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Curious coming to Mexico's Mormon Colonia Juarez

Marvin West

Mormon temple in Colonia Juarez mexico
The Colonia Juarez Temple of the Church of Jesus Christ of Latter-day Saints

Strange how the world turns. Much of Mexico is hungry for tourism. Mexico Mormons, a generally conservative religious sect, would probably prefer peace and quiet in Colonia Juarez but the presidential race in the United States is almost certain to generate traffic.

Visitors may purchase a peach or two but they are more likely to trample flowers and, Heaven forbid, attract drug gangsters looking for an easy kidnap mark and a million-dollar recovery fee.

Alas, I and others are suddenly interested in the region where Mitt Romney's father was born and several relatives remain.

The Mexican Romneys are descendants of great-grandpa Miles Park Romney and three or four wives who moved south in 1886, out of reach of new U.S. laws prohibiting polygamy.

Miles and other Mormon pioneers made something out of almost nothing and the small towns are is still there in the Chihuahua desert, not far from the Piedras Verdes River, on the flat ground near the Sierra Madre Occidental.

Colonia Juarez is 15 or 20 kilometers southwest of Casas Grandes and the archaeological ruins of Paquime. Dublan, another original Mormon colony, the actual birthplace of George Romney, is nearby. This area is a couple hundred miles southwest of El Paso.

Mexicans have a very clear image of the modern missionaries. They are young men, seen in pairs, white shirts, dark pants and ties, going door to door, handing out pamphlets that explain their view of God.

There are more than a million of Mormons in the country and they are busy trying to recruit another million. Church membership jumped 68 per cent in 15 years.

Mormons have prominent temples in Mexico City, Guadalajara, Monterrey, Merida, Juarez, Zapopan, Hermosillo, Oaxaca, Tuxtla Gutierrez, Madero, Villahermosa, Boca del Rio and Tijuana — and a little one in Colonia Juarez.

Today's view doesn't begin to tell the story. Hearty forefathers hauled meager possessions in wagons and walked hundreds of miles, round and about, trying to find a place to live their unique way. The U.S. government was closing in on the concept of plural wives when families flocked to Mexico.

These people negotiated a deal with Porfirio Diaz to do the best they could with a harsh segment of the north country. They bought land from Gomez del Campo and built homes and a school and a place of worship and dug canals to irrigate planted fields and what would become orchards and cattle farms.

They got off to a good start — and then discovered they had flunked geography. They were developing somebody else's ranch.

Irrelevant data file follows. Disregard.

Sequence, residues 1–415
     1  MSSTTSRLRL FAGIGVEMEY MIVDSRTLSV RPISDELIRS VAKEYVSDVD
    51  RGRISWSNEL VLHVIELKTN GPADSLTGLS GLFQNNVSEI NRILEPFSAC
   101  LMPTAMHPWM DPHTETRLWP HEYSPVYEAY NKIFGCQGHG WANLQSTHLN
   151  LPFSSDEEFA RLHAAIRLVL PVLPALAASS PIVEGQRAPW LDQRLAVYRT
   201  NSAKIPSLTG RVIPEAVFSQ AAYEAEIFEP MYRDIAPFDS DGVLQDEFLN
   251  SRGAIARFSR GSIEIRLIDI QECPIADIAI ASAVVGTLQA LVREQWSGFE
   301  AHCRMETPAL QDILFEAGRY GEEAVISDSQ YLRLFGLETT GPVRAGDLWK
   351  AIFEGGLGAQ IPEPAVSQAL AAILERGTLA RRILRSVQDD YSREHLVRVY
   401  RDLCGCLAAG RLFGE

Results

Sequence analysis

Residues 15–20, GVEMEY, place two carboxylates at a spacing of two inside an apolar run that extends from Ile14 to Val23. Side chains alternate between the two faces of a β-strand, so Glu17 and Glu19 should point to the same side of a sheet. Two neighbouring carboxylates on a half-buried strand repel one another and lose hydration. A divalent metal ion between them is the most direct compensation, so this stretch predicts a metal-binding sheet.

Facing eviction or worse, the Mormons had no choice but to leave what they had built and start over, a couple of miles north where there were more rocks and less water. Some gave up and retreated. Those who stayed snared a deer or two, avoided starvation and went back to work.

There was one giant problem. There just wasn't enough water, only a trickle in what was supposed to be the riverbed.

I can't say this is fact but Mormon history has it that the people prayed and up jumped a real, live earthquake that stirred a lot of dust and caused some grass fires and broke open big rocks and let loose a real stream of water from the mountain.

Even today, Mormon farms and livestock thrive off this secondary flow.

The earthquake was good. The Revolution was bad. A lot of Mormons saw conforming to U.S. laws a better choice than getting caught in crossfire. Again, they left what they had built and moved on.

A number of colonists stayed and supported the Revolution. Some were friends with Pancho Villa. Some helped those wounded in the battle at Casas Grandes.

Years later, some of the sect returned but what had been 12 colonies lost numbers and faded from relevance. Only Colonia Juarez and Colonia Dublan remain. Mexico eventually outlawed polygamy and, for the most part, it died a natural death.

Mexico Mormons are Mexicans now. They speak Spanish. They adhere to Mexican law. They work. They are prosperous. Many maintain an American point of view.

Colonia Juarez is a neat town. The school is famous. The temple, dedicated in 1999, is a landmark.

There are Romneys here and there but all is not well. Meredith Romney, former president of the local temple, was out on his cattle ranch three years ago when three gunmen in ski masks clubbed him about the head and shoulders, captured him and hauled him away. He thought he was one dead Mormon but was allowed to live in a cave until relatives paid the ransom.

He was fortunate. Fourteen Chihuahua kidnap victims were killed.

U.S. presidential candidate Mitt Romney is far removed from Colonia Juarez. He has no direct contact with relatives. He has never visited.

It seems unlikely that curious Americans can resist the urge. There is history. There are roots.

Published or Updated on: May 14, 2012 by Marvin West © 2012
Contact Marvin West

Marvin West, mostly retired after just 42 years with Scripps Howard newspapers, is senior partner in an international communications consulting company. This column is from his forthcoming book, “Mexico? What you doing in Mexico?”  West invites reader reaction; his address is

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